Cuminum Cyminum L Encapsulation on Perlite/calcium alginate/single walled carbon nanotubes -Glucose Composite: Fabrication, Characterization, Antibacterial and Antifungal Properties

Document Type : Research Paper


Department of Chemistry, Ayatollah Boroujerdi University, Boroujerd, Iran


This study presents the preparation and application of a perlite/calcium alginate/single walled carbon nanotubes-Glucose composite for the cumin encapsulation as an essential oil using a simple method. The as-prepared composite was analyzed using Fourier transformed infrared (FTIR), field emission scanning electron microscopy (FESEM), X-ray diffractometer (XRD), dynamic light scattering (DLS), and thermo gravimetric analysis (TGA). The effect of important factors was determined by evaluating pH, cumin concentration, perlite/calcium alginate/single walled carbon nanotubes-Glucose dosage, and time. Based on the data, the high percentage of cumin encapsulation was achieved at low pH. The release profile of cumin was studied at pH=7, and the maximum release was obtained after 48 h. The antibacterial and antifungal properties of cumin-loaded perlite/calcium alginate/single walled carbon nanotubes -Glucose were also evaluated against Candida albicans, Gram negative (Escherichia coli) and Gram positive (Staphylococcus aureus) bacteria, which represented more photogenic detection compared to that of cumin. Finally, this work demonstrates the efficient application of perlite/calcium alginate/single walled carbon nanotubes-Glucose for the encapsulation of cumin and pathogen detection.



Essential oils are interesting molecules with a variety of applications, including antifungal, antibacterial, and natural additives of food products [1]. They are extensively used in food chemistry for decreasing oxidative reactions, as opposed to synthetic additives [2].

Cumin as an essential oil is widely used in aromatherapy applications, food, and pharmacology systems, and it is applied as a medicine in many cultures. Further, studies have shown that cumin can be effective in decreasing pain without side effects. However, its hydrophobic and volatility properties can limit its use in food, cosmetic, and pharmacologic industries [3].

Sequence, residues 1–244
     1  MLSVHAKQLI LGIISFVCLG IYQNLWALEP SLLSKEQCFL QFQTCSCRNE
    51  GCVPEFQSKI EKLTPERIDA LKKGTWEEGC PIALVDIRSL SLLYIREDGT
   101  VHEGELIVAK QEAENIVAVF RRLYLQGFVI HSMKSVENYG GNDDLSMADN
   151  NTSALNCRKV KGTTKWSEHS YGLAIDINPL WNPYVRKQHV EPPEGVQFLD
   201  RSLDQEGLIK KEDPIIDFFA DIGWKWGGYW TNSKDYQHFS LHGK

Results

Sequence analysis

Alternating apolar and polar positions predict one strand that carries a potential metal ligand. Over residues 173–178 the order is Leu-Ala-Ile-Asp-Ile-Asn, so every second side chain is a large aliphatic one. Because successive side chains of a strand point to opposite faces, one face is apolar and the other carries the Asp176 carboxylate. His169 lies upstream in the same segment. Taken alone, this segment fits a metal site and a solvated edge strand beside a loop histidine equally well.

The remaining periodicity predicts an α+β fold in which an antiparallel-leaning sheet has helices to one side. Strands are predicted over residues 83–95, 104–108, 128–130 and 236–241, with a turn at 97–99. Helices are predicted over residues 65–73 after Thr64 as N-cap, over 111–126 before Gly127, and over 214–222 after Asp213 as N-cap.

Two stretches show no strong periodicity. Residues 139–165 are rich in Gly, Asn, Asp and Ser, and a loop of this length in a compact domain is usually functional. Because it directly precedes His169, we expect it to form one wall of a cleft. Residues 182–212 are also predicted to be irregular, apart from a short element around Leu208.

To overcome the problem of using essential oils (Eos), encapsulation is suggested as a viable approach to modify their characteristics. A large number of materials have been reported for loading drugs and essential oils such as cyclodextrins [4], sodium alginate [5], porous silica and MOFs [6], chitosan [7], modified dextran-coated superparamagnetic iron oxide [8], and liposomes [9]. However, some of the reported methods have been found to have issues including low solubility, oxidation, and low efficiency [7]. Thus, the design of more efficient compounds is necessary to improve loading. Polymer nanoparticles have been gaining attention from researchers for loading of Eos due to their high yield.

In recent years, the development of green chemistry has led to the use of natural materials as efficient and low-cost compounds for the synthesis of novel system materials. Furthermore, researchers have introduced biocomposites as a new class of materials and applied in various fields. Biopolymers are an important category of compounds that can be used in different industries with minimal environment impact. While biopolymers have been reported to have several advantages, they have been found to have some limitations in chemical stability and mechanical properties. To address these problems, the addition of fillers can be used to modify the structure of biopolymers.   

Polysaccharides are an attractive class of biopolymers due to their low-cost, biodegradablity and sustainability, making them suitable for use in many industries such as food, textile, and pharmaceuticals. To improve the mechanical properties of polysaccharides, many materials have been used including polycaprolactone/starch [10], starch-chitosan [11], starch-chlorogenic acid [12], dicarboxylic acid modified starch-clay composite [13], and graphene oxide/Bi2WO6/starch composite [14]. Thus, the selection of a suitable filler is essential for optimizing the performance of biopolymers.

Alginate, a biopolymer obtained from algae, has been of great interest due to its ability to form hydrogels by replacing cations, as demonstrated by the “egg box” model [15]. Its stability and existence of functional groups have enabled its use in a variety of applications, such as metal ion support [16], tissue engineering [17], drug delivery [18], 3D bioprinting [15], food chemistry [19], and adsorption [20].

The use of carbon nanotube (CNT) can be an attractive option as a filler due to its advantageous characteristics. CNTs have been used in many fields such as biomedicine, electronics, catalysis, drug delivery, and ceramics [21]. However, the van der Waals force present in CNT can lead to low solubility and biocompatibility, which can negatively impact the performance of polymers. To address this issue, several biomolecules were applied such as glucose [22], calcium alginate [23], and vitamin C [24].